> one, just say no.....
      >
      > But with a person with a "mild" case of some type of mental
      > illness...or neurosis.... me for instance.... I've seen huge progress
      > in my daily life just by meditating and practicing mindfullness, to
      > the puny extent I've been able to do it. I even like my job now.
      >
      > Makes me think about that thing where they say to meditate on how
      > fortunate we are to be born human. Steve
      >
      > --- On Fri, 7/11/08, ken <gebser@speakeasy. net> wrote:
      >
      > From: ken <gebser@speakeasy. net> Subject: [Buddhism_101] existential
      > psychology (and: Re: Great book--Buddhist, yet not) To:
      > Buddhism_101@ yahoogroups. com Date: Friday, July 11, 2008, 3:41 AM
      >
      > Perceptive comment. Yeah, along with Erwin Straus, Sartre, Maurice
      > Merleau-Ponty, Nietzsche, and others, Frankl is an important
      > existential psychologist, the founder of what is called logotherapy,
      > a vastly more humane and human approach to "mental illness" than the
      > rats-and-pills schools of psychology. Some scholars have noted that,
      > within the context of Western cultural history, existentialism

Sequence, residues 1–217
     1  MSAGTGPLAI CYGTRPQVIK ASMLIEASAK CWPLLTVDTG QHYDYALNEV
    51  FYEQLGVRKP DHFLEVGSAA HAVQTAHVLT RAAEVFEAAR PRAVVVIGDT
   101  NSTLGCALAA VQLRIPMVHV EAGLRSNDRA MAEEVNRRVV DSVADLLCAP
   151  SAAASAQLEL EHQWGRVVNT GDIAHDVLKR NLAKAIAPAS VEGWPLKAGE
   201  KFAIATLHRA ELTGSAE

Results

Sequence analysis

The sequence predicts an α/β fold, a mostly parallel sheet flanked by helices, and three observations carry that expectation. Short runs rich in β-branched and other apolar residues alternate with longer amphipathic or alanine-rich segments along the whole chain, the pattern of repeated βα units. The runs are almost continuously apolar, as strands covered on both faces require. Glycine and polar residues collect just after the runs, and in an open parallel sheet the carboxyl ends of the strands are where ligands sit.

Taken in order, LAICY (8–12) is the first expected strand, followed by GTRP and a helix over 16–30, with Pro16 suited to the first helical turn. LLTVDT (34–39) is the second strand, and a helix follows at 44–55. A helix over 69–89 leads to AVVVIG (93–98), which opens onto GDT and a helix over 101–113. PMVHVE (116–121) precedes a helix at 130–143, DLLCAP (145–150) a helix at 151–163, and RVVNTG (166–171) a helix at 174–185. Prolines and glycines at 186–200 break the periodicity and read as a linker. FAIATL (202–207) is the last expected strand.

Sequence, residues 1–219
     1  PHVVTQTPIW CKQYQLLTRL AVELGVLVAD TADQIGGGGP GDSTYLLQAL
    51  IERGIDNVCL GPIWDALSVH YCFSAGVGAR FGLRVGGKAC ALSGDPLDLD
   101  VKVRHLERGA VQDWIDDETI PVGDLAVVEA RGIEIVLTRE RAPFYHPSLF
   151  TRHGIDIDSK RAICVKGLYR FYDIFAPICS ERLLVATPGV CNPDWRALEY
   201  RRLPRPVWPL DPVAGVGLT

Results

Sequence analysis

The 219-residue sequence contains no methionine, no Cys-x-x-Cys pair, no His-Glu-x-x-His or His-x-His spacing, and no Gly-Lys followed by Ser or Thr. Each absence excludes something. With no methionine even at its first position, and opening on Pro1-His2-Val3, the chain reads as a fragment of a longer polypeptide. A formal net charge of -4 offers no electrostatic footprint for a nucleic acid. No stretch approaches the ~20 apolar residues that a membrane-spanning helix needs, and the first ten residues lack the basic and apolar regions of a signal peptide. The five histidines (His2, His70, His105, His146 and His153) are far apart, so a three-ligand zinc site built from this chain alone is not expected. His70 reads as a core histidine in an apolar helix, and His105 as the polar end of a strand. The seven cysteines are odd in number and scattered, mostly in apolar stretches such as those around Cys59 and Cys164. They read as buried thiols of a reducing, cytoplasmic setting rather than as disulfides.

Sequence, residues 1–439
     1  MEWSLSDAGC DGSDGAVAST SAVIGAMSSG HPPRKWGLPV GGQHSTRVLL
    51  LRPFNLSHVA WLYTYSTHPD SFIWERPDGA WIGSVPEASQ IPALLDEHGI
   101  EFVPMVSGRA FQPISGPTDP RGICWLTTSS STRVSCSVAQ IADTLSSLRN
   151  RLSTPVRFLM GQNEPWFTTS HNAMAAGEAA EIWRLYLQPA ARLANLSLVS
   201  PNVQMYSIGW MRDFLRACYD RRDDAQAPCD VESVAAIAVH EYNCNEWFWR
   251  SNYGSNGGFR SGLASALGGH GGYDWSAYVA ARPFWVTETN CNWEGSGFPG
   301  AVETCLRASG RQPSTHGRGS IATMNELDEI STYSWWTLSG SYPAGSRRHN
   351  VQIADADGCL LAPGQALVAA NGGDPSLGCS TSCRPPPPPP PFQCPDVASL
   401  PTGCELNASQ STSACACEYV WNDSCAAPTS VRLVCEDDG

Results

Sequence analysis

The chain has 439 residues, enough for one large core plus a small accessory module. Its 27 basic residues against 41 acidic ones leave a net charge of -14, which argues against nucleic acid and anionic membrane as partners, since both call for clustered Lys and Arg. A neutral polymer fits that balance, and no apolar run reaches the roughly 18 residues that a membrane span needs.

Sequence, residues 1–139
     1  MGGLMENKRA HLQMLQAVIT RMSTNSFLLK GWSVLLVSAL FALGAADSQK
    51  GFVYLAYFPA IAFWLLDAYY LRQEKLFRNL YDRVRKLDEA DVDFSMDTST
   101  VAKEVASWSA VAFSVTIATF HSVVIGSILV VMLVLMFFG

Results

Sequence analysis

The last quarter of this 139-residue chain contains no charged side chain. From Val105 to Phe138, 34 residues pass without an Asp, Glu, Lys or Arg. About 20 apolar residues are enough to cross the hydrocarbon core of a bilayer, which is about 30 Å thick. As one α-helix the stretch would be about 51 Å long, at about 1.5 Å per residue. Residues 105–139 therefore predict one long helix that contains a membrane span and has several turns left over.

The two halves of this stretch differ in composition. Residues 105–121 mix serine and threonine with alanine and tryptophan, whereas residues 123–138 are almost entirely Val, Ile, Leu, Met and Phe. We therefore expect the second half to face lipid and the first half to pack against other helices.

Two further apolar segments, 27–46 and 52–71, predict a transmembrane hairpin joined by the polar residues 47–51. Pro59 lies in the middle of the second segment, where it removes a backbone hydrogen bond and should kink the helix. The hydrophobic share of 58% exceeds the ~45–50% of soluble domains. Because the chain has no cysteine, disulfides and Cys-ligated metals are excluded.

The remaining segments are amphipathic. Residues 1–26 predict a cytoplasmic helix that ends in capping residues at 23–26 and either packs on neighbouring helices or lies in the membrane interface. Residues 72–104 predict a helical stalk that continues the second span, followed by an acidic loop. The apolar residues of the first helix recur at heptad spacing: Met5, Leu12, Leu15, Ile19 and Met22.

> indicates a turn to the East and the beginnings of an integration of
      > Western and Eastern thought. So, yes, we should expect to find
      > notions akin to Buddhism in existentialism. Just yesterday,
      > coincidentally, I was reading about tantra and dzogchen and
      > transforming passions into wisdom when it struck me that,
      > essentially, this is what (the Western existentialist concept of)
      > "talk therapy" is based on, i.e., that if a problem bears down on you
      > and makes you crazy, think about it and bring some (not pills, but
      > rather) wisdom to it and you'll find, in doing so, at the same time
      > that the problem is deflated of its control over your emotions...
      > plus, now you understand the problem. Although Buddhism came up with
      > this idea centuries earlier than the West, Westerners figured out a
      > way to bill it out by the hour. :)
      >
      > Wikipedia has a pretty good rundown of existential psychology:
      > <http://en.wikipedia .org/wiki/ Existential_ psychology>.
      >
      >
      >
      > --- In Buddhism_101@ yahoogroups. com, "Tamara" <savepawsfurever@ ...>
      > wrote:
      >> I just finished reading "Man's Search for Meaning" by Viktor
      > Frankl.
      >> It was written in the 40s after he was in the concentration camps
      >> during World War II. He was a psychiatrist and believed that man
      >> can overcome any type of suffering if there is meaning to that
      >> man's life.
      >
      >> It never once mentions Buddhism, yet it says so much about
      >> suffering and how it is meant to teach us and guide us.
      >>
      >> It is a beautiful, small book and it is one more way I can learn
      >> about how suffering is to be done, yet we can do it with love and
      >> grace. I highly recommend it for those of us (trying to find) or
      >> going down that middle path.
      >>
      >> Tamara

      --
      When fascism comes to this country, it will be wrapped in the flag,
      carrying a cross."
      --Sinclair Lewis